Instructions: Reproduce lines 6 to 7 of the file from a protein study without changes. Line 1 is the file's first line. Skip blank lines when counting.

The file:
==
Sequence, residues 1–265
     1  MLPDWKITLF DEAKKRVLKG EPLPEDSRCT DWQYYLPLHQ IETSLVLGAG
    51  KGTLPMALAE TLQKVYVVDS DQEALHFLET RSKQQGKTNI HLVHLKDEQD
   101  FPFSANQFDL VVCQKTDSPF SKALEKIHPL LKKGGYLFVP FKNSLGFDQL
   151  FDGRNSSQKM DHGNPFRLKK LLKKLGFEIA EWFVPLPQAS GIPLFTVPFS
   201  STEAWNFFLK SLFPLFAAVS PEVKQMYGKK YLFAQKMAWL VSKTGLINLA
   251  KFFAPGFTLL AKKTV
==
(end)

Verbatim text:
   201  STEAWNFFLK SLFPLFAAVS PEVKQMYGKK YLFAQKMAWL VSKTGLINLA
   251  KFFAPGFTLL AKKTV